The new waiting period law also extends how long a seller has to wait on a federal background check. The current rule is that if the background check isn’t completed in three days, the sale can go through. New Mexico’s new law extended that wait to 20 days.

The state firearms industry association has created new information cards explaining the waiting period for gun purchases. On the back of the card is a list of 80 New Mexico lawmakers under the title: “State lawmakers who voted for the 7-day waiting period on firearm purchases.”

There've been some pretty strong hints that the new waiting period will be challenged in court once the law takes effect on May 15th, but FFLs can't count on a judge granting a TRO or preliminary injunction. They have to take steps now to be ready to deal with the law if it is enforced in six weeks or so, and part of that is warning customers of the changes that could be in store. 

My guess is that we'll not only see a surge in concealed carry applications in the months ahead, but a big uptick in gun purchases before the waiting period kicks in next month. Buyers who have to drive several hours to reach their nearest gun shop can avoid the hassle of making a repeat trip if they purchase their next gun ahead of that deadline, and I suspect that many rural residents will pull the trigger on their next purchase before they're subjected to this new infringement on their Second Amendment rights. 

Will anti-gunners acknowledge that Grisham's assault on the right to carry has backfired in a very big way? Not a chance. New Mexicans to Prevent Gun Violence's Miranda Viscoli is already claiming that the new laws are worth any increase in concealed carry licensees, while anti-gunners like Everytown's John Feinblatt are busy putting a positive spin on the fact that Virginia Gov. Glenn Youngkin vetoed 30 gun control bills this session.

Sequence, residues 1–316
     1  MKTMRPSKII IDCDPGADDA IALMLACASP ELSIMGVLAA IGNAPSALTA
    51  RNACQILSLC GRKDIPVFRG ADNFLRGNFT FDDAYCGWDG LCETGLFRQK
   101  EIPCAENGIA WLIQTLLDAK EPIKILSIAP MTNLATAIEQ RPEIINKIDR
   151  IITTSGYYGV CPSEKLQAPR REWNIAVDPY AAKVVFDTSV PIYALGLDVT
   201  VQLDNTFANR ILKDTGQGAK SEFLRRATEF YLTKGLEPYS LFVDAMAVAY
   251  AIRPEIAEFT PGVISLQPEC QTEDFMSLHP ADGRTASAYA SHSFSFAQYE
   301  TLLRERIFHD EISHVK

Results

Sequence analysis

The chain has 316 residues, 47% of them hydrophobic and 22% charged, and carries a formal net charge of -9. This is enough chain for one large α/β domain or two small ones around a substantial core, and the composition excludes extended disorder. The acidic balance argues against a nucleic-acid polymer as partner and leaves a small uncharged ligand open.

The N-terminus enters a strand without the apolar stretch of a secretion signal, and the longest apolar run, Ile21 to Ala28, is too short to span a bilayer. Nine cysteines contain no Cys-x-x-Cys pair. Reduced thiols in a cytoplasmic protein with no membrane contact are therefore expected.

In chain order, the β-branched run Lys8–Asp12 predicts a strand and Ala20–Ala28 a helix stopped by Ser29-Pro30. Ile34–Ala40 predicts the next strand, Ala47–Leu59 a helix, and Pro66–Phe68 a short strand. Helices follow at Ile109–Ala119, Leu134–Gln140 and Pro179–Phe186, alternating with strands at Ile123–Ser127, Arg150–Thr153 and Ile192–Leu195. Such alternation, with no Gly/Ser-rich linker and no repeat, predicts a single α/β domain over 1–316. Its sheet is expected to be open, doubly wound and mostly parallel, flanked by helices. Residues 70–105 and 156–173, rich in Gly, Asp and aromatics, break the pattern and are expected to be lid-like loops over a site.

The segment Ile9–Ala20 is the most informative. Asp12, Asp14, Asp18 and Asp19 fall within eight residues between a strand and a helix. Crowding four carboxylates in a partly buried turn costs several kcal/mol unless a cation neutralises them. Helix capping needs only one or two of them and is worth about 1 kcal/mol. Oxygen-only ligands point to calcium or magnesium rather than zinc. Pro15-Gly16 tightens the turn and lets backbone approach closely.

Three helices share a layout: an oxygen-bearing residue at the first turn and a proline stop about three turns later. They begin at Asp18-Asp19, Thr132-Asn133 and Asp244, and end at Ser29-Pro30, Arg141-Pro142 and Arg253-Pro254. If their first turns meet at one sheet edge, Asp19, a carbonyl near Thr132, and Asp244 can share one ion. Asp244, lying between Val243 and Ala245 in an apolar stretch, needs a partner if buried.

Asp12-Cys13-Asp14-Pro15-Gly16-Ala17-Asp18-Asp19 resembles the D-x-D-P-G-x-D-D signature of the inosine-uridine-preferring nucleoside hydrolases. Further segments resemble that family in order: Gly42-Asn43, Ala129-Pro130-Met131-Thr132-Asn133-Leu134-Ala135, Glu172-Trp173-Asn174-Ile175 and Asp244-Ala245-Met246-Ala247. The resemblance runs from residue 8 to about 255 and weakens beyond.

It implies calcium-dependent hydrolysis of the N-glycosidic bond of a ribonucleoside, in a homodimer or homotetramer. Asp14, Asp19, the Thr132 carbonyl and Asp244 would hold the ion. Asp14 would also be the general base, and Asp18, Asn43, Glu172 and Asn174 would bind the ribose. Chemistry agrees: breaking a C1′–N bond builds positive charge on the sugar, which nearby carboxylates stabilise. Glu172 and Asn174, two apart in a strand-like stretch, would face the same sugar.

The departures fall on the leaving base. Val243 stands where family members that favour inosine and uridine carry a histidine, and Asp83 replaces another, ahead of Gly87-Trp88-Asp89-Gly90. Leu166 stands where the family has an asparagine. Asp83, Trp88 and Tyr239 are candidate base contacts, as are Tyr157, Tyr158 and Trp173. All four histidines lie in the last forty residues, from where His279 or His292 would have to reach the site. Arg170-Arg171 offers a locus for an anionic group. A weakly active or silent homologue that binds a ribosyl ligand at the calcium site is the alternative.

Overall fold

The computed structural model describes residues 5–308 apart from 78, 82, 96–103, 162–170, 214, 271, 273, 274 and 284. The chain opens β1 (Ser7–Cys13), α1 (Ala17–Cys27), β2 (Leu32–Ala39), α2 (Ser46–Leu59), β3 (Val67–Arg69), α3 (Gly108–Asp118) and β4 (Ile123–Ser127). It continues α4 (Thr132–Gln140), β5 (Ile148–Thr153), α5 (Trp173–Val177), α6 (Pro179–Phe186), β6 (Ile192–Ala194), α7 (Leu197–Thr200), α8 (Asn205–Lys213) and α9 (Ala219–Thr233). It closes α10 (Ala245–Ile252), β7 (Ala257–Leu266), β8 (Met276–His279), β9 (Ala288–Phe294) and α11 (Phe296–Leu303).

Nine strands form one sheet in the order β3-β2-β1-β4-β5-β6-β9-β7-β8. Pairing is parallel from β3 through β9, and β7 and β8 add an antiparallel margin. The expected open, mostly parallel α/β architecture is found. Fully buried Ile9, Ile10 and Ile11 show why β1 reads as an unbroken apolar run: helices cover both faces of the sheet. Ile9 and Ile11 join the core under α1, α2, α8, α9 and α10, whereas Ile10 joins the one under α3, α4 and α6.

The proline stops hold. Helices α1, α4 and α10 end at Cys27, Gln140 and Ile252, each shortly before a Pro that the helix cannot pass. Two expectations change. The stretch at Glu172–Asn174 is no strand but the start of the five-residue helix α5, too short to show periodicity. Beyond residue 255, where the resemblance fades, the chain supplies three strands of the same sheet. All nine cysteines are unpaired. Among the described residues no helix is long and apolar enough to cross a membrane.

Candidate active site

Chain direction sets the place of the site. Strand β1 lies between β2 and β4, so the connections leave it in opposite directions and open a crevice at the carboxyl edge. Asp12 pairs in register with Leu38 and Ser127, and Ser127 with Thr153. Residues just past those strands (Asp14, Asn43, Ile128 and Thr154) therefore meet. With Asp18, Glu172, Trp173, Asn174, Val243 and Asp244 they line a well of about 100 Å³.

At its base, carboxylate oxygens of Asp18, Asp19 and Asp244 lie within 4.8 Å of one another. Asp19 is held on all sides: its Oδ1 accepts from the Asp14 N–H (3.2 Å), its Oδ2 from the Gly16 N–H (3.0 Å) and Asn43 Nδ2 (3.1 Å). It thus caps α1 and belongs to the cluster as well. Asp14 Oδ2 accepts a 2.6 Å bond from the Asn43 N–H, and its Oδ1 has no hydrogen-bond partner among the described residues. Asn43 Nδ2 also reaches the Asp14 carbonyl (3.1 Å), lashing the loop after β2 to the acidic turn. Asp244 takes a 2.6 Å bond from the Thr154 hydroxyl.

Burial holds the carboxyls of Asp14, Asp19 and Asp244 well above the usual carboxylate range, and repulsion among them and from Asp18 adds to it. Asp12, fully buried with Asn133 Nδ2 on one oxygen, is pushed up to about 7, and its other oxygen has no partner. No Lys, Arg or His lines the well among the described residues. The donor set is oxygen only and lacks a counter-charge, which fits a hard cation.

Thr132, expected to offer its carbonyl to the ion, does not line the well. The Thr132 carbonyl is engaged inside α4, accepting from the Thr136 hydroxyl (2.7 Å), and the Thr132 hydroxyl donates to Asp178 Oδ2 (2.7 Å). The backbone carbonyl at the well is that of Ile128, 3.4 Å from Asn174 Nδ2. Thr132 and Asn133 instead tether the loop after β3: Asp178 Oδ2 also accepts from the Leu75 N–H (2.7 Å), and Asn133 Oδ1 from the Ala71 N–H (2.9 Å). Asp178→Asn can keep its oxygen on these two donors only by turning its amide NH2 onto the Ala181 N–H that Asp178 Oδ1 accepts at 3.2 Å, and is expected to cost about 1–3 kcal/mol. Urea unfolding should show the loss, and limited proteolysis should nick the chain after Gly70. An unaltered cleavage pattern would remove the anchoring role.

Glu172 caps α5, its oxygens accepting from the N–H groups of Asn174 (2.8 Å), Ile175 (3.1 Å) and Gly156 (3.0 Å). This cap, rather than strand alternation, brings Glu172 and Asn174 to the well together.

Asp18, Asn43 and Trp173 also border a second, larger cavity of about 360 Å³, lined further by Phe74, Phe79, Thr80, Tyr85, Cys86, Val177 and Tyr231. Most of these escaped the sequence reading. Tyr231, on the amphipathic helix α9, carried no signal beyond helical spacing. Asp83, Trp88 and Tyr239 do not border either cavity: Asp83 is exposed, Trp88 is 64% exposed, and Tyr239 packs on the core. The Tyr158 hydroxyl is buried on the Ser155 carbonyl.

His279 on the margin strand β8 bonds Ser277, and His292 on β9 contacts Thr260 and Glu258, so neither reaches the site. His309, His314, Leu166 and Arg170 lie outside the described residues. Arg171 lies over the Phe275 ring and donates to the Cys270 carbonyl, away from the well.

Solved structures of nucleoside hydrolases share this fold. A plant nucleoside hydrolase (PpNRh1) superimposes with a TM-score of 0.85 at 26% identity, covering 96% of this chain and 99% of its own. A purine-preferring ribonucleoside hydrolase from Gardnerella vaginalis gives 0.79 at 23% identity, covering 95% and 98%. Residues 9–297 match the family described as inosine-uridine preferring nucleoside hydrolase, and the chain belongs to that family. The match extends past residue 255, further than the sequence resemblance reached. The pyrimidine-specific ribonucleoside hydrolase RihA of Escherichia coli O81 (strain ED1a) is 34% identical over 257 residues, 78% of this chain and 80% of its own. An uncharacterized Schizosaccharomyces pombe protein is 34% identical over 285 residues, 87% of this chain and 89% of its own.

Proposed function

Yeah, he signed a bill that mirrors existing federal law on auto sears and one that gives prosecutors the power to charge a parent or guardian with a felony if they allow a minor access to a firearm "(i) after having received notice of a preliminary determination, pursuant to relevant law, that such child poses a threat of violence or physical harm to self or others or (ii) when such parent, guardian, or other person responsible for the care of the child knows or reasonably should know that such child has been charged with, either by warrant or petition, convicted of, or adjudicated delinquent of a violent juvenile felony."

Neither bill was opposed by 2A groups like the Virginia Citizens Defense League, so this isn't the win that Feinblatt claims it to be. 

With gun controllers so desperate to spin bad news as a sign of victory, I doubt that any of them are going to admit that Grisham's attacks on the right to carry will lead to more New Mexicans carrying firearms in self-defense. They can't afford to acknowledge the unintended consequences of their anti-gun legislation, much less the fact that even with Democrats in complete control of New Mexico government they could only get a pair of watered-down bills across the finish line.